When I heard two years ago that Danity Kane was reuniting, my mind underwent a “Show Stopper” twerk session. But after watching videos of their live performances from the reunion tour, hearing about all the drama with D. Woods, and realizing “Show Stopper” was never all that to begin with, I started thinking: “Who’s idea was this?”
Every band will inevitably experience some form of a breakup. Some will reconvene later in life, and a portion of those who do do it because their fans want them to. On the other hand, a reunion show that no one anticipated, asked for, or even wanted, could either be wildly successful — Adam Lambert touring with Queen, for example — or a complete flop — cheers to you, Creed. It’s kind of like dating Chris Brown. You could find out he’s a changed man, or you could find out he’s been hiding a baby from you for 10 months.
Again, who let this happen? Don’t get me wrong: I loved Danity Kane just as much as the next girl rooting for a hot band of females to storm the music scene by way of struts and hair flips. But the ladies of Danity Kane were a hot mess, and only proved themselves more so when Aubrey O’Day, Shannon Bex, Dawn Richard, and Aundrea Fimbres reunited without D. Woods in 2013 for a tour. The foursome was more concerned with getting their dance moves out than hitting the notes, let alone remembering the words to their own songs.
New Kids on the Block
Watching grown men reunite with their former boy band mates to release two new albums and sing and dance in shiny outfits fourteen years after their prime is both a dream come true and an uncomfortable occurrence. Such was the case with New Kids on the Block, who doesn’t need you to ask them to reunite. They will anyway.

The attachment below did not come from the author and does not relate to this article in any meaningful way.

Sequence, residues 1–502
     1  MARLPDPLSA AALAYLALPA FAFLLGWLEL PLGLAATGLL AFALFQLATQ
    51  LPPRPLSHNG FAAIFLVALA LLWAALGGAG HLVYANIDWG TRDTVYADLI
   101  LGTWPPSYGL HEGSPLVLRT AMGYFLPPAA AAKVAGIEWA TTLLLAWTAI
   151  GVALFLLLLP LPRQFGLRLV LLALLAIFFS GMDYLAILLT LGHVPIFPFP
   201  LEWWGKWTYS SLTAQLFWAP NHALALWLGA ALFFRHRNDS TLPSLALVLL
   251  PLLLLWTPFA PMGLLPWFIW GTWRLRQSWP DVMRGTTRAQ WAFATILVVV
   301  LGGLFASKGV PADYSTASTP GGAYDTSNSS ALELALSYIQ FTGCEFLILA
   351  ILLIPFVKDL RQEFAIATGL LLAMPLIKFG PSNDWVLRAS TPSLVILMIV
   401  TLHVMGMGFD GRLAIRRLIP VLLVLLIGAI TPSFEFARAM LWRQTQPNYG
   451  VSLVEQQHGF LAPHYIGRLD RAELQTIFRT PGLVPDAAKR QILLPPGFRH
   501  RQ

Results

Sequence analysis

Creed once topped a Rolling Stone readers’ poll of the worst bands of the nineties. Their’s is a band so hated, it’s a wonder they reunited in 2009 for a tour. Ticket sales for one show in particular in Birmingham were so low, they were discounted to 75 cents.
The Doors of the 21st Century
The Doors of the 21st Century, a.k.a. Ray Manzarek and Robby Krieger of The Doors, toured in 2011, 40 years after the death of Jim Morrison. The tour was successful for the duo, but it pissed off Doors original drummer John Densmore, who expressed his discontent with Manzarek and Krieger’s use of The Doors in their touring name. A two-year legal battle by Densmore and Manzarek-Krieger led to the duo changing their name to D21C and, eventually, Riders on the Storm, but was all the trouble truly worth it just to revive one half of the band?
The Jackson Four (a.k.a. The Jackson Five minus Michael)
The Jackson Five hadn’t ever performed without Michael, according to Marlon Jackson in the above interview. Yet the four surviving brothers got together for a Unity Tour three years after Michael’s death. Performances “treaded carefully between respect and exploitation,” and while the brothers generally received positive reviews, their decision to tour felt less like granting fans’ wishes to see them reunite and more like familial healing. Or a cash grab…?
Queen and Adam Lambert